In case you wonder, this is how I declare the regarding structs:


struct Particles

	Particles(unsigned int count)
		/*x = new float[count];
		y = new float[count];
		z = new float[count];*/
		x  = (float*)_mm_malloc(count * sizeof(float), BOUNDARY_ALIGNMENT);
		y  = (float*)_mm_malloc(count * sizeof(float), BOUNDARY_ALIGNMENT);
		z  = (float*)_mm_malloc(count * sizeof(float), BOUNDARY_ALIGNMENT);

		/*delete[] x;
		delete[] y;
		delete[] z;*/

	float* x, *y, *z;

		struct ParticleDepth
			int index;
			float depth;

Thanks in advance!

Edited by Juliean

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You might try a radix sort instead of a std::sort.


In general a std::sort is O(n*log(n)) complexity and a radix sort is O(n), so it's often faster for large sets. A radix sort's speed will not be affected by the sortedness of the original array, so the fact you have to sort from scratch will not affect you.


Whether SIMD + Radix sort will actually end up beating your original approach which took advantage of temporal coherency to accelerate sorting is something you'd have to measure, but my gut feeling is that it's definitely worth a go.

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Thanks for the input,


but unfortunately the radix sort performs even worse (takes almost twice the time), but thats probably due to my bad implementation:


void acl::gfx::radixsort(ParticleEmitter::DepthVector::iterator first, ParticleEmitter::DepthVector::iterator last, int factor)
	// partitionieren
	std::map<int, std::vector<int> > buckets;
	for (ParticleEmitter::DepthVector::const_iterator i = first; i != last; ++i) {
		// get digit and map to bucket
		if (factor == 10) buckets[i->depth%factor].push_back(i->depth);
		else buckets[(i->depth/(factor/10)) %10].push_back(i->depth);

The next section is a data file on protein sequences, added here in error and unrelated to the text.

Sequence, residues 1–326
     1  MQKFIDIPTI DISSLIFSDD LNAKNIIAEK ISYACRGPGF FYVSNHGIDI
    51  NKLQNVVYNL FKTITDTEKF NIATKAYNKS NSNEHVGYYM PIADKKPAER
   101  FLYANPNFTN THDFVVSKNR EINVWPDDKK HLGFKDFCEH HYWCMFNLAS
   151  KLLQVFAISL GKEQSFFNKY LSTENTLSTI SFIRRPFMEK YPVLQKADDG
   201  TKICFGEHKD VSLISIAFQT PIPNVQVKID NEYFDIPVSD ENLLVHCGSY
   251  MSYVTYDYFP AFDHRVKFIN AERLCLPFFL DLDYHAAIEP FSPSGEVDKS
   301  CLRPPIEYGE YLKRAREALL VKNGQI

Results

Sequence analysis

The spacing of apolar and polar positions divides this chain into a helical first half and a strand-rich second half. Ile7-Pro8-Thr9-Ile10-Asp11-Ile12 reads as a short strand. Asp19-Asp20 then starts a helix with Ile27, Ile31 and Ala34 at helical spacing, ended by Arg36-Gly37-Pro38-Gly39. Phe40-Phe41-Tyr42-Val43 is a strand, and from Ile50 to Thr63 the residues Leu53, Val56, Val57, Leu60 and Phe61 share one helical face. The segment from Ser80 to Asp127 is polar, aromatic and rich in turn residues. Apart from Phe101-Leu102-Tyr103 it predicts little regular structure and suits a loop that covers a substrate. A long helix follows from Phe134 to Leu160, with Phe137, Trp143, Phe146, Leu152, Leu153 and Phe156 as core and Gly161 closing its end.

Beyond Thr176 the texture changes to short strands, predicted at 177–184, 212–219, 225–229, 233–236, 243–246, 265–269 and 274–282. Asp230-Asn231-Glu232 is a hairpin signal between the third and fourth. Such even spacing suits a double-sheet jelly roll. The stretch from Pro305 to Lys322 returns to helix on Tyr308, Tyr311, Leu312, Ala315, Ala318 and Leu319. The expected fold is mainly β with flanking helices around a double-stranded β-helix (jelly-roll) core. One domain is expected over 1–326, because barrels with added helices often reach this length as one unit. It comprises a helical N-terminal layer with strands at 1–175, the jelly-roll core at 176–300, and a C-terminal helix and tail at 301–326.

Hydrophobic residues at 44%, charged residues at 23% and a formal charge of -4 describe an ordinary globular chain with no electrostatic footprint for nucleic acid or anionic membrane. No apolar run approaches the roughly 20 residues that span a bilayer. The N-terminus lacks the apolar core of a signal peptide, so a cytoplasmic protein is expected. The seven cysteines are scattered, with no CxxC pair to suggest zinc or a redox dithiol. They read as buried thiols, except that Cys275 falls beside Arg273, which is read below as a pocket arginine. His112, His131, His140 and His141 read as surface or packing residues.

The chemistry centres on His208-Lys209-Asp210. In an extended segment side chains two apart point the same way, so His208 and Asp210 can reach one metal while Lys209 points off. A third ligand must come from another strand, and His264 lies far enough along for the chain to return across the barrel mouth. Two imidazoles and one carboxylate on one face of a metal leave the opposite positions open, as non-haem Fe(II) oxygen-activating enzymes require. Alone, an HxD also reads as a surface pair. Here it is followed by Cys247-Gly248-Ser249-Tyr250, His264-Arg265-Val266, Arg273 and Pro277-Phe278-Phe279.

// collect
	ParticleEmitter::DepthVector::iterator copyfirst = first;
	for (int i = 0; i < 10; ++i) {
		for (std::vector<int>::const_iterator it = buckets[i].begin(); it != buckets[i].end(); )
			// collect and apply changes
				copyfirst++->depth = *it++;
	if (factor > std::max_element(first, last, ParticleSorter())->depth) return;
	radixsort(first, last, factor *= 10);

Do you maybe have a better radix implementation so I could give it another shot? My struct now uses an int as key:


		struct ParticleDepth
			int index;
			int depth;
Edited by Juliean

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my code appears to be roughly twice as fast as std::sort for big n in my probably wrong tests:




#include <stdlib.h>
#include <stdint.h>

#include <time.h>
#include <assert.h>

#include <algorithm>
#include <iostream>

void radix_sort(uint32_t *in, uint32_t *out, int shift, int n){
    int index[256] = {};
    for (int i=0; i<n; i++) index[(in[i]>>shift)&0xFF]++;
    for (int i=0, sum=0; i<256; i++) sum += index[i], index[i] = sum - index[i];
    for (int i=0; i<n; i++) out[index[(in[i]>>shift)&0xFF]++] = in[i];
void check(int n){
    uint32_t *data = new uint32_t[n];
    uint32_t *temp = new uint32_t[n];
    uint32_t *same = new uint32_t[n];
    for (int i=0; i<n; i++) same[i] = data[i] = (rand()<<16)|rand();// Note: rand() might not produce enough randomness

    clock_t t_radix = clock();

    radix_sort(data, temp,  0, n);
    radix_sort(temp, data,  8, n);
    radix_sort(data, temp, 16, n);
    radix_sort(temp, data, 24, n);

    t_radix = clock() - t_radix;

    clock_t t_sort = clock();

    std::sort(same, same+n);

    t_sort = clock() - t_sort;

    std::cout << "n: " << n << std::endl;
    std::cout << "radix_sort: " << t_radix << std::endl;
    std::cout << "  std:sort: " << t_sort  << std::endl;
    std::cout << std::endl;

    for (int i=0; i<n; i++) assert(same[i] == data[i]);

    delete[] data;
    delete[] temp;
    delete[] same;

int main(){
    for (int i=0; i<30; i++) check(1<<i);
    return 0;